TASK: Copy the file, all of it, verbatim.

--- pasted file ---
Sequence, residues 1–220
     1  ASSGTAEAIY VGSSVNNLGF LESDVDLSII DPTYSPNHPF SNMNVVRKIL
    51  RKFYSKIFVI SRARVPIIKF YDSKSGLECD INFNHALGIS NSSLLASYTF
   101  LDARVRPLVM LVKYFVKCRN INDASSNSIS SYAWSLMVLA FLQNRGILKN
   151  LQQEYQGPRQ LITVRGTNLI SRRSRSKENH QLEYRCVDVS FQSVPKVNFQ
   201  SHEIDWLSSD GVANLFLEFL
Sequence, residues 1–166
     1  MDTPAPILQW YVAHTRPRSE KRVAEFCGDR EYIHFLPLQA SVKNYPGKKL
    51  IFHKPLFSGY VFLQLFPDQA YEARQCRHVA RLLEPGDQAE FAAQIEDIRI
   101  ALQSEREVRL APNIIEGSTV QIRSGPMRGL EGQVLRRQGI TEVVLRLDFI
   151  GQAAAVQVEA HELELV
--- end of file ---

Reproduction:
Sequence, residues 1–220
     1  ASSGTAEAIY VGSSVNNLGF LESDVDLSII DPTYSPNHPF SNMNVVRKIL
    51  RKFYSKIFVI SRARVPIIKF YDSKSGLECD INFNHALGIS NSSLLASYTF
   101  LDARVRPLVM LVKYFVKCRN INDASSNSIS SYAWSLMVLA FLQNRGILKN
   151  LQQEYQGPRQ LITVRGTNLI SRRSRSKENH QLEYRCVDVS FQSVPKVNFQ
   201  SHEIDWLSSD GVANLFLEFL
Sequence, residues 1–166
     1  MDTPAPILQW YVAHTRPRSE KRVAEFCGDR EYIHFLPLQA SVKNYPGKKL
    51  IFHKPLFSGY VFLQLFPDQA YEARQCRHVA RLLEPGDQAE FAAQIEDIRI
   101  ALQSEREVRL APNIIEGSTV QIRSGPMRGL EGQVLRRQGI TEVVLRLDFI
   151  GQAAAVQVEA HELELV